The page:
Much more to say, but we must finish. There are events which specifically evidence the integrative act of love that we are. Beauty is one—beholding that night-blooming cereus. Friendship and marital love evidence it. Discovery and insight evidence it. Michael Polanyi’s subsidiary focal integration just is the unfolding of a surprising recognition—a unity that precedes us that we have nevertheless pursed in our not-yet-understanding. In these we drink from the endlessly new, overflowing spring that is our act of being, the enacted love of God, as individuals and as part of all creation. These refresh us in the existent being we already are—who might not be, but nevertheless are. Our seeking integration is itself integration working itself out. To be the being that we are, in our esse, this most fundamental, intimate, communion with the real, is to be human, and it is the good life.

The threads are tied together, and the garment is cast off. But now open further vistas in this exhaustibly rich quest for reality.

With gratitude for you, the reader.

Esther L. Meek, Ph.D., is Professor of Philosophy at Geneva College, as well as a Fujimura Institute Fellow Scholar. Her books include Contact With Reality:​Michael Polanyi’s Realism and Why It Matters; A Little Manual for KnowingLoving to Know: Introducing Covenant Epistemology, and Longing to Know: The Philosophy of Knowledge for Ordinary People.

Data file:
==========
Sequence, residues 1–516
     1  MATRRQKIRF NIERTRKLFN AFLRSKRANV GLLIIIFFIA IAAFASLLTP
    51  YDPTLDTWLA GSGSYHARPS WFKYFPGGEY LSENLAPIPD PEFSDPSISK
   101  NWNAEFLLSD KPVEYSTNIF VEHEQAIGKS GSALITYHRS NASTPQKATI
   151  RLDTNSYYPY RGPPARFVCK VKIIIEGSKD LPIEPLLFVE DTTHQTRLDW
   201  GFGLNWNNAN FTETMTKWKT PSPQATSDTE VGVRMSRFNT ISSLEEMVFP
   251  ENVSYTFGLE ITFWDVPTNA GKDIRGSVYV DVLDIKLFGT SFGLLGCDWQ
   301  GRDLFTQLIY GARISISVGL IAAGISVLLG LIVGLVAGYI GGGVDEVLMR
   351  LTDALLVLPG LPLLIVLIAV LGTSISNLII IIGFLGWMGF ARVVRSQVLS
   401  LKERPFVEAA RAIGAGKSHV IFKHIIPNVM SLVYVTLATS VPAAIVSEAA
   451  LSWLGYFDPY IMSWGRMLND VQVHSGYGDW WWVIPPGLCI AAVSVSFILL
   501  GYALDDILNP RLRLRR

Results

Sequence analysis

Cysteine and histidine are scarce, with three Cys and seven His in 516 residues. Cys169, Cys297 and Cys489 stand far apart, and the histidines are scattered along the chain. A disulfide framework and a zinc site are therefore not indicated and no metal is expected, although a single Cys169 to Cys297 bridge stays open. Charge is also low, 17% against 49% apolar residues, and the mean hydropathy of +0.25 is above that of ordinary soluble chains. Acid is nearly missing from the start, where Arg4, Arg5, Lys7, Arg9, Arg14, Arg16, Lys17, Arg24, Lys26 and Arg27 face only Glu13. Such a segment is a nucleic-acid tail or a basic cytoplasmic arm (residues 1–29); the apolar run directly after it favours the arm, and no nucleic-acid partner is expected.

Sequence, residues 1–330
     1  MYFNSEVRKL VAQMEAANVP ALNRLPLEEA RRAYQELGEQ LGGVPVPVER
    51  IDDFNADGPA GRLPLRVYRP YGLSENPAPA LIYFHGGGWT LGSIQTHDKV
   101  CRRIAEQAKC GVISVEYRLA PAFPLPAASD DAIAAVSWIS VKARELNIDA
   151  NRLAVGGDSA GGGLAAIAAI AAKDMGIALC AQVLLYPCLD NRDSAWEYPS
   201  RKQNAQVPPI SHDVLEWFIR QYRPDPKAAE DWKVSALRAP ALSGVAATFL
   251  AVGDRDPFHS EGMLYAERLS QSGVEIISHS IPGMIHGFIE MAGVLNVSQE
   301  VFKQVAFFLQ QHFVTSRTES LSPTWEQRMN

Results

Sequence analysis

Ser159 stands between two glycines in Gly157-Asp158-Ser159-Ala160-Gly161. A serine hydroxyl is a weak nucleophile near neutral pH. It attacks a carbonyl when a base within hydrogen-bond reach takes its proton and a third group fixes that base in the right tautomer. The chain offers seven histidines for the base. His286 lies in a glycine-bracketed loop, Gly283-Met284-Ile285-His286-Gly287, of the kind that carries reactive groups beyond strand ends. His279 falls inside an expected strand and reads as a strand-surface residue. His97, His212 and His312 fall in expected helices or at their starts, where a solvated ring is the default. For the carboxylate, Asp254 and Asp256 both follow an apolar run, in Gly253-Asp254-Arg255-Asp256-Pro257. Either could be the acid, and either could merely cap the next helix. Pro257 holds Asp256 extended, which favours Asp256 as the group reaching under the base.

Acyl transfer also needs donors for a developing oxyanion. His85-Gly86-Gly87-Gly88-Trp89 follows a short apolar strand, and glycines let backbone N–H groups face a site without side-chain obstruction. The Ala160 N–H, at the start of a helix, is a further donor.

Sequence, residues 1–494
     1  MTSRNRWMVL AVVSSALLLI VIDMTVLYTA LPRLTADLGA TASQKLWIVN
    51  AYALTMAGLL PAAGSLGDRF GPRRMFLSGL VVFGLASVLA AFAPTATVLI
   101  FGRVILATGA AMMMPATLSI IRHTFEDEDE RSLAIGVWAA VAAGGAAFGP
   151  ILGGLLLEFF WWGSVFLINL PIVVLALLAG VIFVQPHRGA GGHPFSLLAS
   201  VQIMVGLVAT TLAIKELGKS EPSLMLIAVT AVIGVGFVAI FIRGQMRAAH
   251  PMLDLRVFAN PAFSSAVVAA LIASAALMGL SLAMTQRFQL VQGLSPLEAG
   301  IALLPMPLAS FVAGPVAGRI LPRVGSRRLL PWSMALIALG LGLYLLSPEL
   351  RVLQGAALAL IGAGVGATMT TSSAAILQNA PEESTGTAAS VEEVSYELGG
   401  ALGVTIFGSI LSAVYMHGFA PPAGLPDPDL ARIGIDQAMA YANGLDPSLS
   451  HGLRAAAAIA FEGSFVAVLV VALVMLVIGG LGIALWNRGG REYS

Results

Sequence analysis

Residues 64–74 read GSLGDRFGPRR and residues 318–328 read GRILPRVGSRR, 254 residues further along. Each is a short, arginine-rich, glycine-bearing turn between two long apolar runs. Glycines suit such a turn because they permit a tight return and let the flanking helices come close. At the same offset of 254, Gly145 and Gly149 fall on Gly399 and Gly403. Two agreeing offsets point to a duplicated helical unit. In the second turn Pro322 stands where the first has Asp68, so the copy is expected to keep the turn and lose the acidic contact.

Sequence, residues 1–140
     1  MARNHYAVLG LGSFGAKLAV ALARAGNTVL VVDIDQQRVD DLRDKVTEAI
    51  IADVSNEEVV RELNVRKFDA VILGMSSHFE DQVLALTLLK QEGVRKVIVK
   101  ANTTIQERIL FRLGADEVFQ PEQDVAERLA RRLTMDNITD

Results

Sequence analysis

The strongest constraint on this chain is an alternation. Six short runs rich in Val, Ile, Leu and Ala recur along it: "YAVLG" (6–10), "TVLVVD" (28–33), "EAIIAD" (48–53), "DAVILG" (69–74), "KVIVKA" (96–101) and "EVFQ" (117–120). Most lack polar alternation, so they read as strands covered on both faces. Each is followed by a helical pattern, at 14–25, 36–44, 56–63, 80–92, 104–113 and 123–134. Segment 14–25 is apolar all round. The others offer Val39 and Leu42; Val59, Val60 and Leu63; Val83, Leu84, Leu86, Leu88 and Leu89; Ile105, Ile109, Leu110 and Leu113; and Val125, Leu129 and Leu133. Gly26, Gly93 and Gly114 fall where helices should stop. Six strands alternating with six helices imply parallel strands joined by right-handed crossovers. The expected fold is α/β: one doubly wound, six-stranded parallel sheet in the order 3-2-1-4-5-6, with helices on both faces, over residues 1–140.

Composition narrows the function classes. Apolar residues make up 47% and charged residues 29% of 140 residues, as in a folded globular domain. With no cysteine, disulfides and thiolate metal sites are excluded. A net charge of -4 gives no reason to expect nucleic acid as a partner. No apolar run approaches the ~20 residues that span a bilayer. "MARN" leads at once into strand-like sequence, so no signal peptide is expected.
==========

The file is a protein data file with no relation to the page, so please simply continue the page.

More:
[1] D.C. Schindler, Love and the Postmodern Predicament: Rediscovering the Real in Beauty, Goodness and Truth (Cascade, 2017); Michael Hanby, No God, No Science? Theology, Cosmology and Biology (Wiley Blackwell, 2017); W. Norris Clarke, An Introduction to the Metaphysics of St. Thomas Aquinas (Regnery, 1997); and Natalie Carnes’ Beauty: A Theological Engagement with Gregory of Nyssa (Cascade, 2014).

[2] The question of the temporal origin of things really isn’t the main matter. Esse is. For there to be creation, there must be a “Let there be.”

[3] The question may be raised concerning where this approach takes into consideration the fact of sin and the brokenness of the world. Jesus, the one in whom all things cohere, came to mend the rent fabric of his own gift to the Father. He did not throw out the garment and start over. It is his even deeper yes to creation.

[4] That they are unities itself means that he gives it to them to hold themselves together—to integrate.

[5] A being is “that which exists”—ens—as a result of esse.

[6] This makes me think of Kathryn Hepburn’s ringing, “Nevertheless!” at the end of the film, “African Queen,” in response to the people who tell her it is impossible that any boat and occupants could have survived the falls near the mouth of the river.

[7] I also reread Stratford Caldecott’s Beauty for Truth’s Sake: On the Re-enchantment of Education (Brazos, 2009).Also there is something Trinitarian implicit here.

[8] I can’t help but think of the Prodigal Father here!